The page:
... Hao Wang Ph. D.
Institute of neuroscience
Chapter 2 Summary
... Two other ways of assessing brain function are through studying people with brain
damage or well-known changes in function (e.g., the elderly)
... The neural basis of learning
• Experience and Learning result in a
direct event in the nervous system
• Every brain is wired differently
How Does the Brain Work?
... Throughout the brain, neurons communicate with one another through interlocking circuits. When a
neuron is stimulated, it generates a tiny electrical current, which passes down a fiber, or axon. The end
of the axon releases neurotransmitters —chemicals that cross a microscopic gap, or synapse — to
Notes-Brain and Memory
... Damage to both sides of the hippocampus can stop the ability to form new memories,
known as anterograde amnesia
Sample Questions for Evaluation #1 – General
... Sample Questions for Evaluation #1 – General Psychology
1. The self-examination of one's own emotional and mental processes is called:
c) cognitive neuroscience.
2. Humanistic psychologists focused attention on the importance of people's:
a) potential f ...
WebQuest * Human Senses
... a. What structures integrate taste into memories and where are these structures found?
The Nervous System
... • Can cause headache,
memory loss, brain damage
46 Chapter Review: Fill-in-the
... deficiency of it is associated with Parkinson's disease, and anoversensitivity to it is associated with some
cases of schizophrenia.
control voluntary body mo;'ements, speech production, and such functions as
thinking, motivation, planning for the future, impulse control, and emotional respo ...
specimen jar craft - National Wildlife Federation
... The brain is an organ that serves as the center of the nervous system in all vertebrate and most invertebrate animals—only a few invertebrates such as sponges,
jellyfish, adult sea squirts and starfish do not have a brain, even if diffuse neural tissue is present.
It is located in the head, usually ...
... 3. junction between the axon tip of the sending neuron
and the dendrite or cell body of the receiving neuron
4. an impairment of language as a result of damage to
any of several cortical areas
9. located at the back of the frontal lobe, the part of
the cortex that controls voluntary movement
10. Lim ...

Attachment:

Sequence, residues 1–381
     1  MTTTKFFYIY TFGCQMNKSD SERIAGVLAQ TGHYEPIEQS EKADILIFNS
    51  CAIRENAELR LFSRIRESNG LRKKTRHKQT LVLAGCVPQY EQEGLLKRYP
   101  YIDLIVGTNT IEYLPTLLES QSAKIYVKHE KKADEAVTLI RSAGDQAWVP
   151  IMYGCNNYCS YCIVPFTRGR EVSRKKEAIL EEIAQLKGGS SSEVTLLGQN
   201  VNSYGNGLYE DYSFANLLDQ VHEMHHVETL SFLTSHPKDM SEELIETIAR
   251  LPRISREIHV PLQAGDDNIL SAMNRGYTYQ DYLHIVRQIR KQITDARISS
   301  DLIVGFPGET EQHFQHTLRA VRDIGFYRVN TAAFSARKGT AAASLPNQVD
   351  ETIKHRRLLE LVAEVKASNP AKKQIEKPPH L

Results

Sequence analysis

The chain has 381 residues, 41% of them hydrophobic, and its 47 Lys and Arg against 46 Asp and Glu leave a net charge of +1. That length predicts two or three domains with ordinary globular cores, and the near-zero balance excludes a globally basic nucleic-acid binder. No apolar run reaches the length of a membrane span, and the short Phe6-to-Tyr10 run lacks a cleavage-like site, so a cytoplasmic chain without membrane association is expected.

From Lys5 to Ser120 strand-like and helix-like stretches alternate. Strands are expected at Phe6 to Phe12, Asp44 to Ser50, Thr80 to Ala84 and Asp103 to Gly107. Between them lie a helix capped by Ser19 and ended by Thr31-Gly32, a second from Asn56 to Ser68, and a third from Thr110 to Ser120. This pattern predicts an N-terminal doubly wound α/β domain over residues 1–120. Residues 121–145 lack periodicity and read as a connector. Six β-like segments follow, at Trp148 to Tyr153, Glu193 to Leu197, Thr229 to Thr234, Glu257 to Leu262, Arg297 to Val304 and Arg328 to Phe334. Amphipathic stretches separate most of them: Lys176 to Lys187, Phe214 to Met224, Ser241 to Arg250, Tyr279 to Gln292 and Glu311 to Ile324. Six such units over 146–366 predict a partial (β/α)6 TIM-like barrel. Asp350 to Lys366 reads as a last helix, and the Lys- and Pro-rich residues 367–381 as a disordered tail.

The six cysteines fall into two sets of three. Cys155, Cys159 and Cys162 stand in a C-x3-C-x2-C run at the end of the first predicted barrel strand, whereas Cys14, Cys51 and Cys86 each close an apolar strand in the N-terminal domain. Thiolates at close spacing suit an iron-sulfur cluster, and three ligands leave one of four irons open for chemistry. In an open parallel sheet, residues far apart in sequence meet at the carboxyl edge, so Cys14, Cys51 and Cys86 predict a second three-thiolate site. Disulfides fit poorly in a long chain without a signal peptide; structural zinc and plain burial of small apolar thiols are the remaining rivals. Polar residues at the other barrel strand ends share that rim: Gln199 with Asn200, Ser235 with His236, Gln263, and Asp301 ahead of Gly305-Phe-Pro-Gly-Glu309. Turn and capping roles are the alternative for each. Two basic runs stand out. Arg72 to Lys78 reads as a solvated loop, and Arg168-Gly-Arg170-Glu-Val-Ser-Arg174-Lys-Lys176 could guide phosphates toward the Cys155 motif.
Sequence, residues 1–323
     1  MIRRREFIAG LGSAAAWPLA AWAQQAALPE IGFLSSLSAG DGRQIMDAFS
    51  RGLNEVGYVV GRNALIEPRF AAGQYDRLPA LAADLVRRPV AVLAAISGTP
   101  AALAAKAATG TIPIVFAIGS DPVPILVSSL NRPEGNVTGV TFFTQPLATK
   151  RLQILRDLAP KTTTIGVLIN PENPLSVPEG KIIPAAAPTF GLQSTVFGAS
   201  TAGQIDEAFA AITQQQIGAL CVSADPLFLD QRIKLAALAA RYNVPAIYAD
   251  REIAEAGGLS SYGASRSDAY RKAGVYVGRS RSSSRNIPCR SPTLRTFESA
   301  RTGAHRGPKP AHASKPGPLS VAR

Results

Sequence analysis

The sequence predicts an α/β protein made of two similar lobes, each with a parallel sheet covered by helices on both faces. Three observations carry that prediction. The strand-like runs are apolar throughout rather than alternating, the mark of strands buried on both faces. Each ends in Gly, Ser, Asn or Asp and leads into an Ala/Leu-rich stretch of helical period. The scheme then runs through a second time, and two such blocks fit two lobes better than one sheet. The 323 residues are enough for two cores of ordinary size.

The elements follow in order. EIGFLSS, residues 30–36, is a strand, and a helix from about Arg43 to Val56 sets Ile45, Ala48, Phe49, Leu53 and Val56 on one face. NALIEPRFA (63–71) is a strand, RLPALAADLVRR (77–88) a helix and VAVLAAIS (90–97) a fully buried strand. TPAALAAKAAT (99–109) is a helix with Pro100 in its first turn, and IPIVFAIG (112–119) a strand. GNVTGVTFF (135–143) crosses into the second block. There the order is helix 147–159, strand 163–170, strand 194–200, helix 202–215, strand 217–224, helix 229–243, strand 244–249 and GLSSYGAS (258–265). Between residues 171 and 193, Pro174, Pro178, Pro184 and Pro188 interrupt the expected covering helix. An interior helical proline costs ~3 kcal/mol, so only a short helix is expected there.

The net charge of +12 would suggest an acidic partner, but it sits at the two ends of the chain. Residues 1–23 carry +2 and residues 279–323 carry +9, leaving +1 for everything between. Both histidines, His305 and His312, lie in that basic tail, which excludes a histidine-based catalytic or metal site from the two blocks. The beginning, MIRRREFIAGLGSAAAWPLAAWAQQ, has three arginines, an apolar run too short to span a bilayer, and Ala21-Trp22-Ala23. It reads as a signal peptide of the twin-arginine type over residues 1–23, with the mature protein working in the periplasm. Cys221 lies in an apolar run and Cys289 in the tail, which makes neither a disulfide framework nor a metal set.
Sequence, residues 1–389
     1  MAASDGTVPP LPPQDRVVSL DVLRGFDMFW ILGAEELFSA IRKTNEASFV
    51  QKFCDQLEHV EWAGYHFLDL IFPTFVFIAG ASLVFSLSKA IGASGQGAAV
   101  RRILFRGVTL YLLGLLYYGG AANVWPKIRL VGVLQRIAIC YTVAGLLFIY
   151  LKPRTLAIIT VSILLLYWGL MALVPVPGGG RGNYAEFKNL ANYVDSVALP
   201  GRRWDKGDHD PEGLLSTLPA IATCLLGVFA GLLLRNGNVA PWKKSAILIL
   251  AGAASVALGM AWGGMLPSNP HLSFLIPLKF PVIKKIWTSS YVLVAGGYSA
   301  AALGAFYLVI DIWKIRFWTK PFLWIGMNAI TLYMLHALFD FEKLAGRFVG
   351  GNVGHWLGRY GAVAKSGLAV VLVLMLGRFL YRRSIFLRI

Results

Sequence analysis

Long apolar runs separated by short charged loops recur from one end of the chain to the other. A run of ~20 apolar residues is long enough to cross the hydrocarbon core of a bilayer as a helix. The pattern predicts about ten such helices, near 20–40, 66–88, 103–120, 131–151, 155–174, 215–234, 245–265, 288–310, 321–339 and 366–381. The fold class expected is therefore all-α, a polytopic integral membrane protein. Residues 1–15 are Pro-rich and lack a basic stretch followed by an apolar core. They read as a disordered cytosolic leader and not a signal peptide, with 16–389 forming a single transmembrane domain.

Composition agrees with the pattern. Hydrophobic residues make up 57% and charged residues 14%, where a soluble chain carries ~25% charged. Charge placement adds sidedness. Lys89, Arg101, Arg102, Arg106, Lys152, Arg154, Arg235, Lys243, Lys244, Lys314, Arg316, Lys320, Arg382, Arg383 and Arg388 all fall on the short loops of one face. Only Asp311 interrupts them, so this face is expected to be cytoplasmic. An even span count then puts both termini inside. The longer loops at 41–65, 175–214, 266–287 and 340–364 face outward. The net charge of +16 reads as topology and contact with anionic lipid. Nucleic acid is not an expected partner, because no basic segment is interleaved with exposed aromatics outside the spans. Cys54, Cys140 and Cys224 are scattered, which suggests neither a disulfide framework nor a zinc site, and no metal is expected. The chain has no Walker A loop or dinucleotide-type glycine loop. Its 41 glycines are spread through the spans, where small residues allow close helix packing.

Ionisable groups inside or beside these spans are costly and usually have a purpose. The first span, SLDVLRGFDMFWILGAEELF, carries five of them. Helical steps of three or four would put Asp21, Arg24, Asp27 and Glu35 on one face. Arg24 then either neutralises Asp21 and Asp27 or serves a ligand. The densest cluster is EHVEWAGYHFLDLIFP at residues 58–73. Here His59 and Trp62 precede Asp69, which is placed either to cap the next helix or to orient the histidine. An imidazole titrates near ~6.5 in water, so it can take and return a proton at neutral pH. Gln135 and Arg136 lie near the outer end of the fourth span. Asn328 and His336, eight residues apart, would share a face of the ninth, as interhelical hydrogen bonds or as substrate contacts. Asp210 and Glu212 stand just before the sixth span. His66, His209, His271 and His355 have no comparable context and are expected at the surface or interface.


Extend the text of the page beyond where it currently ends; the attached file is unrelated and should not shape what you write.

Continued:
... • Once in place, neurons first grow an axon and
Quiz Chapter 3 Brain Neural Communication Dr Myer How do
... How do scientists learn about the inner workings of the human brain?
Who is Phinneas Gage? How is what happened to him significant for neuroscience?
You will need to know the structures and their functions of the brain as discussed in the video.
What study methods will you use to remember this ...
PPT Guide Brain Development
... There is a fivefold increase in the number of dendrites in cortex from birth to age 2 years, as a result
approximately ___________________ new connections may be established per neuron.
This is called “___________________________”
These connections are necessary because ____________ and ____________ ...
AP 1st Q Round 1
... brain uses electrodes to
measure electrical brain wave
... motor cortex
and spinal cord; named for
a famous baseball player.
Introduction to drugs and the brain
... Drugs Can Change Brain Circuitry
Drugs can “hijack” the brain’s natural connections and
change them, which can cause a variety of consequences
Holonomic brain theory
The holonomic brain theory, developed by neuroscientist Karl Pribram initially in collaboration with physicist David Bohm, is a model of human cognition that describes the brain as a holographic storage network. Pribram suggests these processes involve electric oscillations in the brain's fine-fibered dendritic webs, which are different from the more commonly known action potentials involving axons and synapses. These oscillations are waves and create wave interference patterns in which memory is encoded naturally, and the waves may be analyzed by a Fourier transform. Gabor, Pribram and others noted the similarities between these brain processes and the storage of information in a hologram, which can also be analyzed with a Fourier transform. In a hologram, any part of the hologram with sufficient size contains the whole of the stored information. In this theory, a piece of a long-term memory is similarly distributed over a dendritic arbor so that each part of the dendritic network contains all the information stored over the entire network. This model allows for important aspects of human consciousness, including the fast associative memory that allows for connections between different pieces of stored information and the non-locality of memory storage (a specific memory is not stored in a specific location, i.e. a certain neuron).